CALIFORNIA: Unilever is planning to use new geo-location technology to make its palm oil supply chains more transparent and tackle a farm-to-table traceability problem that has plagued the industry for decades.
The maker of Ben & Jerry’s ice cream, Hellmann’s mayonnaise and Dove soap will use cell phone geo-location data to track palm oil moving across thousands of supply chains and to achieve the elusive “first-mile” traceability.
After a pilot test in Indonesia, Unilever is scaling up that approach to cover all palm facilities in South-East Asia, including farms, refineries and processing plants, and is looking into whether the technology can be applied to other regions.
“With a clearer picture, it’s easier to estimate the risk of issues, such as deforestation, ” says Marc Engel, chief supply chain officer at Unilever. “We want to be the first to know, and the first to act.”
The technology is another step toward making the controversial industry more transparent as growers face increasing scrutiny over production of the oil used in everything from chocolate to lipstick and shampoo. Rapid expansion of plantations in past decades, fuelled by surging demand for a cheap and versatile edible oil, has been linked to the burning of tropical rainforests, destruction of wildlife and land conflicts with local communities.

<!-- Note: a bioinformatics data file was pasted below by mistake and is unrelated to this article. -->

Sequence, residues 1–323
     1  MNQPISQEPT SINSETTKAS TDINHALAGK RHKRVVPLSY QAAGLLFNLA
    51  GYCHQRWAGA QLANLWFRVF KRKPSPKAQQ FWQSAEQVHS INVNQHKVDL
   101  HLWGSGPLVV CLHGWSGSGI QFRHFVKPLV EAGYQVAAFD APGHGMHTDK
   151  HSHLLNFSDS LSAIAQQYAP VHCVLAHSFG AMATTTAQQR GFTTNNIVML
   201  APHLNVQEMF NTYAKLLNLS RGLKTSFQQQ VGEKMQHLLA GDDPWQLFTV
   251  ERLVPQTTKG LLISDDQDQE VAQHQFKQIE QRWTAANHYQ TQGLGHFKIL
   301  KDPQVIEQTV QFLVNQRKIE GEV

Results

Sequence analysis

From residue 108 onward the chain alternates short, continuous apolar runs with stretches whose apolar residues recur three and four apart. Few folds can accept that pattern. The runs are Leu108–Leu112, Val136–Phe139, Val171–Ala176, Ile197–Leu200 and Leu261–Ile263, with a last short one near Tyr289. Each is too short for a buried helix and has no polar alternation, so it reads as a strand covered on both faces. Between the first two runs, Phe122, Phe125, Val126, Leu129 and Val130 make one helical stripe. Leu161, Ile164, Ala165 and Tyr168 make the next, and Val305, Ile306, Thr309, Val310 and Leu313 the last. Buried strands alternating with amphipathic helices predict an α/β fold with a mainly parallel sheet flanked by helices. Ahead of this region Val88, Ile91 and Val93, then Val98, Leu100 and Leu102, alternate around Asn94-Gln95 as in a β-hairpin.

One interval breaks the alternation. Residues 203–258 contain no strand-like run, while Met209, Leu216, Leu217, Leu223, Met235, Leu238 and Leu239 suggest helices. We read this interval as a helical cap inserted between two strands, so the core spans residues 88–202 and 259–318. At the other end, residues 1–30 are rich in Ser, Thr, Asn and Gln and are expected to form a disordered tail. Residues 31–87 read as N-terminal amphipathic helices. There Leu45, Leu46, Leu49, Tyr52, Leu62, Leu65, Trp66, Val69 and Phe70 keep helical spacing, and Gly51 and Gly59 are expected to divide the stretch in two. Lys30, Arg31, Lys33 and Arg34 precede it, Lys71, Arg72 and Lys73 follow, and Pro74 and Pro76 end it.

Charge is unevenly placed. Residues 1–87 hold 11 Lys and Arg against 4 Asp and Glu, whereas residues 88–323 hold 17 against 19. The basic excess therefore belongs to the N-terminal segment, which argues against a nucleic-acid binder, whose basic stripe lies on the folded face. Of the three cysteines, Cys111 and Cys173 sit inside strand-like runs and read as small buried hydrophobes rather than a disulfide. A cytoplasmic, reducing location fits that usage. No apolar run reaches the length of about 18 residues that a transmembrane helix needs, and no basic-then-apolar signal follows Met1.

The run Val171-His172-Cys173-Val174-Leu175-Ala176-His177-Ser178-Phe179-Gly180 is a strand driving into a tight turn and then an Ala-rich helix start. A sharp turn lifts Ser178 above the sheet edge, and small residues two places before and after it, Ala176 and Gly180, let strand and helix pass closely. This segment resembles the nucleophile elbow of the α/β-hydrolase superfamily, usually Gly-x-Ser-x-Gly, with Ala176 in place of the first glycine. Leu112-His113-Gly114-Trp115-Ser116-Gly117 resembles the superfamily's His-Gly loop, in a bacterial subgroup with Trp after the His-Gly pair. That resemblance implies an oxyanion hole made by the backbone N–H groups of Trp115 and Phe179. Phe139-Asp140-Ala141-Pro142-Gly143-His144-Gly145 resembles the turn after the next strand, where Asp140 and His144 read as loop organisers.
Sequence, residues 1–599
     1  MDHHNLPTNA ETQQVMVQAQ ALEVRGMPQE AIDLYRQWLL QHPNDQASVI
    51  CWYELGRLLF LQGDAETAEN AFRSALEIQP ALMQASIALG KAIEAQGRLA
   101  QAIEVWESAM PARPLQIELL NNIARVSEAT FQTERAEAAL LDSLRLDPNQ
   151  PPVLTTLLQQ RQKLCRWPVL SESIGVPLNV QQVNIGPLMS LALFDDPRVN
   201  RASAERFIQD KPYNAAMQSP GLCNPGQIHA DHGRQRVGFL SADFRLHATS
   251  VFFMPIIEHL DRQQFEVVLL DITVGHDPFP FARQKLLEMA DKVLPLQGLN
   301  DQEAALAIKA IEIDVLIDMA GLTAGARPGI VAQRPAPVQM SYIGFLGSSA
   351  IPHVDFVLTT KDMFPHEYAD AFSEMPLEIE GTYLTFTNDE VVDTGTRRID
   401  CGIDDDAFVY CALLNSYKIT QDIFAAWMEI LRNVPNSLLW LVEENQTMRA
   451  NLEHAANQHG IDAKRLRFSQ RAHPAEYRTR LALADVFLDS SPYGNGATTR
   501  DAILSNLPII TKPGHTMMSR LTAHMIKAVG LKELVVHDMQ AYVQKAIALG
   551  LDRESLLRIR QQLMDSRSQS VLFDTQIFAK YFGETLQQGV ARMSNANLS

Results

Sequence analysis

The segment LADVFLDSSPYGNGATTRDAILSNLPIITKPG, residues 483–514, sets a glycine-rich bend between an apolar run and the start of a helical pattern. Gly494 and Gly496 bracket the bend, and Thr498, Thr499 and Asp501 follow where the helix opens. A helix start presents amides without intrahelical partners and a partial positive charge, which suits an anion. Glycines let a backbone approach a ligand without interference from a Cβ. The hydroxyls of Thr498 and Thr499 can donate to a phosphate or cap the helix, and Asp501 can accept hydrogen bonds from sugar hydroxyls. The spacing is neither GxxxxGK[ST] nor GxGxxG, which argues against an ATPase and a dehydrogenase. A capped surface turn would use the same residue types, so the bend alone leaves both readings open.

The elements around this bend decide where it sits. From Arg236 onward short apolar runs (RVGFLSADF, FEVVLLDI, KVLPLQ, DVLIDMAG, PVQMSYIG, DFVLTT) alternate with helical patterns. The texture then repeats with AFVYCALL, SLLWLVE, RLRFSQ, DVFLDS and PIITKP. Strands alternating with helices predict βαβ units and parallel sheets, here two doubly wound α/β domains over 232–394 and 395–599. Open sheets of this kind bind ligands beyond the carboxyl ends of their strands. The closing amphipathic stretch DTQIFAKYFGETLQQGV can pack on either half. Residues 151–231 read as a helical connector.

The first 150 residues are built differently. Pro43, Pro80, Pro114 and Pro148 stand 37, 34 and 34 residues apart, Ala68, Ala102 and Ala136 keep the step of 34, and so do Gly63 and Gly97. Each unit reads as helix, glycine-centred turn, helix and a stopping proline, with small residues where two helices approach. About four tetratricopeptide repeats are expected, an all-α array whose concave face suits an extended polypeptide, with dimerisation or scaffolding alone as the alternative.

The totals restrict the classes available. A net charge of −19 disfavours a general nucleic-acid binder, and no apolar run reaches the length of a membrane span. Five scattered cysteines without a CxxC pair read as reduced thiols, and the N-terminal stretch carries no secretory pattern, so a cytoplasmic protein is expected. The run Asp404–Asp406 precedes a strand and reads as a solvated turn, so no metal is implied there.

Environmental concerns have spurred the adoption of sustainable palm oil, but complex supply chains that begin with estates spanning millions of hectares make it difficult for the industry to be fully traceable. What’s more, the credibility of certified-sustainable palm oil, like that of the Roundtable on Sustainable Palm Oil, has been questioned by environmental groups who say greenwashing and bad practices still take place, albeit hidden from the public.
Palm oil is one of the most important raw ingredients in Unilever’s products. The consumer goods giant purchases about one million tonnes of palm oil, palm kernel oil and derivatives annually for use in products such as ice cream, cosmetics and soaps, making it one of the world’s largest buyers. It aims to make all its supply chains deforestation-free by 2023. — Bloomberg